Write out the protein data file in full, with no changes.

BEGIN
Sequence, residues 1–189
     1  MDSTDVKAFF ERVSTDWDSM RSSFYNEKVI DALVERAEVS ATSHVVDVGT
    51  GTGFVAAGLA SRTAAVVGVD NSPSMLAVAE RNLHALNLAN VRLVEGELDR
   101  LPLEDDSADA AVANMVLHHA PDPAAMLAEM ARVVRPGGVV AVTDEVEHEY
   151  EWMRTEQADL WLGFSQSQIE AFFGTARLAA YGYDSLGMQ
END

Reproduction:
Sequence, residues 1–189
     1  MDSTDVKAFF ERVSTDWDSM RSSFYNEKVI DALVERAEVS ATSHVVDVGT
    51  GTGFVAAGLA SRTAAVVGVD NSPSMLAVAE RNLHALNLAN VRLVEGELDR
   101  LPLEDDSADA AVANMVLHHA PDPAAMLAEM ARVVRPGGVV AVTDEVEHEY
   151  EWMRTEQADL WLGFSQSQIE AFFGTARLAA YGYDSLGMQ